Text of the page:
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Tyre Choice – 23 Verses 25


By Columnist Genevieve Whitson – Professional Cyclist 

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Photo CreditJaguar MENA, 2014 – Chris Froome Team Skyrider & Tour de France Winner is the First Man to Cycle Through the Eurotunnel

There is an ongoing debate in the world of cycling as to whether the 23 or the 25 width tyre is faster. So, let’s explore this concept now.

In more recent times it does feel like people are swaying towards 25 with evidence showing that close to 75% of riders are using the wider tyres. But, then again, is it just personal preference? And just what do cyclists prioritise, is it road grip, ride comfort, traction, aerodynamics or CRR (coefficient of rolling resistance)?

The 23 Width Tyre

As the classic tyre for road cyclists for years, this tyre has always done a good job. It cuts through the road surface nicely. You can pump the tyre pressure pretty high, especially if you just need pure speed for say a TT. But, with large advancements in bike technology, this may not even be necessary anymore. Plus, these tyres are skinny, so you may feel more twitchy in the wet. Consequently,  this means less confidence cornering. So, do you need something bigger?

The 25 Width Tyre

Relatively new on the block, the 25 width tyre is proving hugely popular. In fact, there is a new wave of cyclists saying that this is now the tyre of choice. Simply said, the slightly wider tyre gives you more grip and there is now evidence that it has faster-rolling resistance. Therefore, rotating faster than the 23 – meaning more speed for the same amount of pedalling.

In addition, you can also run the 25 with lower pressure – around 90 instead of say 100, which may make you feel safer – since it’s a slightly larger tyre. Consequently, giving you more grip and control for descending and cornering.

And finally from a budget perspective – durability. A tyre with a larger surface wears out slower so the 25 could be cheaper in the long run. I’ve ridden both and I am finding myself swaying towards the 25, simply because a lot of UK racing and riding is in the wet and overcast conditions so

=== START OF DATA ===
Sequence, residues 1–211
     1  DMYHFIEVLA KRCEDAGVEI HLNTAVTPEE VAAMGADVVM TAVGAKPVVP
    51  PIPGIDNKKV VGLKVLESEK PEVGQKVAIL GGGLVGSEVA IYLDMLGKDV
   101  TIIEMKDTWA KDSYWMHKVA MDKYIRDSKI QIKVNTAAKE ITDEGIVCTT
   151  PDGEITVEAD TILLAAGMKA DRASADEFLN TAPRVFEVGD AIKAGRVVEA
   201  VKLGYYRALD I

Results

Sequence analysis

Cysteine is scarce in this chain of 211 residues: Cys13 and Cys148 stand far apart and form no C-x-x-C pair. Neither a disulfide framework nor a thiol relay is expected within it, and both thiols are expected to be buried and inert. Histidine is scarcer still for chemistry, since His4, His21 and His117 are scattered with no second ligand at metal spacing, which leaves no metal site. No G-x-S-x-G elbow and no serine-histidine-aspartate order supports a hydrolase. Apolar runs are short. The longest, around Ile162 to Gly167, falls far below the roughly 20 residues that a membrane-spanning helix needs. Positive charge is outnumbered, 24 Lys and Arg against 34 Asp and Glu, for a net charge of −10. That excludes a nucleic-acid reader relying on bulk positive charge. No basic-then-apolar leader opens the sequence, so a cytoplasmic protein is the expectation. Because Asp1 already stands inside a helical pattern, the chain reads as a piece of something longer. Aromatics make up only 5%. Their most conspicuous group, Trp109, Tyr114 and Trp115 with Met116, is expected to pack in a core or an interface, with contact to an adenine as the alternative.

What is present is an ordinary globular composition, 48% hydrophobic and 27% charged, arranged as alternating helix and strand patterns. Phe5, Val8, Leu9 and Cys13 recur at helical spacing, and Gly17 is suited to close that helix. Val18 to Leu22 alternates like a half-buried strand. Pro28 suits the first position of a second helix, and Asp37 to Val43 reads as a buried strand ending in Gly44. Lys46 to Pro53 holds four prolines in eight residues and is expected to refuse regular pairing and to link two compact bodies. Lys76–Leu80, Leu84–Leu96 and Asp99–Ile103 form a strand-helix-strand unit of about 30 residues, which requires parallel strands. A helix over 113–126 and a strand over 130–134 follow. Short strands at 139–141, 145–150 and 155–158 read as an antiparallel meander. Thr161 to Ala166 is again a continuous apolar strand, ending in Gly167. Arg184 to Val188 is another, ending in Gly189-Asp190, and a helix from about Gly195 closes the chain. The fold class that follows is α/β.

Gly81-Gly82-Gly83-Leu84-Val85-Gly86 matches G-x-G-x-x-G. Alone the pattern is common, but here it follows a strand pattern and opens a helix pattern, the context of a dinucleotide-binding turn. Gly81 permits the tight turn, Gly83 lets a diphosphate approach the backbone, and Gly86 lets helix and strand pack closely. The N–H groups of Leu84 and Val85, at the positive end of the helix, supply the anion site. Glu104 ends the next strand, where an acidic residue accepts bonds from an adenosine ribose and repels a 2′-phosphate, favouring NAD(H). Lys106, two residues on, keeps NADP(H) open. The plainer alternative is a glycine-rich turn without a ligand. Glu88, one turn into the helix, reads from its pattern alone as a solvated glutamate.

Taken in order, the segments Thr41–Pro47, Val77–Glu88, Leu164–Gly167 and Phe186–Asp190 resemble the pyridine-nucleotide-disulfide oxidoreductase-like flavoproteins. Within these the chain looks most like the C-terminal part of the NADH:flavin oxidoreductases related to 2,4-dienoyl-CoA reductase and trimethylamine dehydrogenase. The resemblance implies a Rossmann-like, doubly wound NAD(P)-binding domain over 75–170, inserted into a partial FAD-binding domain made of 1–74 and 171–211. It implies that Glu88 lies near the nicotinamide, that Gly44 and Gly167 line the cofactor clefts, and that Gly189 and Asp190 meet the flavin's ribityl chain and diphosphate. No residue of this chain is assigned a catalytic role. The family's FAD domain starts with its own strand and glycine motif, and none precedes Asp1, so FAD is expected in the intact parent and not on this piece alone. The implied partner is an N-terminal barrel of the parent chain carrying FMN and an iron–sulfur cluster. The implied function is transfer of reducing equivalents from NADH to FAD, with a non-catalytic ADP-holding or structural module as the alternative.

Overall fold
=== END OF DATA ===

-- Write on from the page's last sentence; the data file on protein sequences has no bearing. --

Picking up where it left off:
I’ve ridden both and I am finding myself swaying towards the 25. Why? Well,  simply because a lot of UK racing and riding is in wet, overcast conditions, so I want to stay upright. In saying that, most of the Tour de France riders are now using a 25. so there you go, you make the choice.

But, remember the choice is entirely yours. We’re all different, and have specific preferences.

Thanks to my sponsors at www.genwhitson.com. You can now find me on Twitter @GenWhitson https://twitter.com/GenWhitson.

About Our Cycling News and Review Columnist

Jarlath-Cross-20131-960x576_GenevieveGenevieve Whitson is a NZ born, British/Scottish cyclist, based in Edinburgh, Scotland. Gen has a raced at the highest level for Road, Cyclocross and Mountain biking, have competed in four World Championships, multiple World Cups as well as riding professionally on the road. Gen has raced all around the globe on the road bike and is currently riding for a Belgium team, Isorex competing in all the major spring classics.

Highlights of her career include gaining a top 30 finish at the World Cyclocross Championships, a stage win in a major USA road tour, and winning the 2015 Scottish National Hill Climb Champs. Gen also loves to ride a rickshaw in Edinburgh for strength training on the side and is heavily involved in supporting/mentoring up and coming female/male athletes to ride to their potential. Her mantra on the bike is: Eat the pain…

Disclaimer: The information published in this column is the author’s own professional and personal knowledge, and opinion. This information and opinion are not intended to be a substitute for professional medical advice, diagnosis or treatment of any manner. Always seek the advice of your physician or another qualified health provider with any questions you may have regarding any medical condition and consult a qualified medical professional before beginning any nutritional program or exercise program. Never disregard professional medical advice or delay in seeking it because of something you have read on InShape News.

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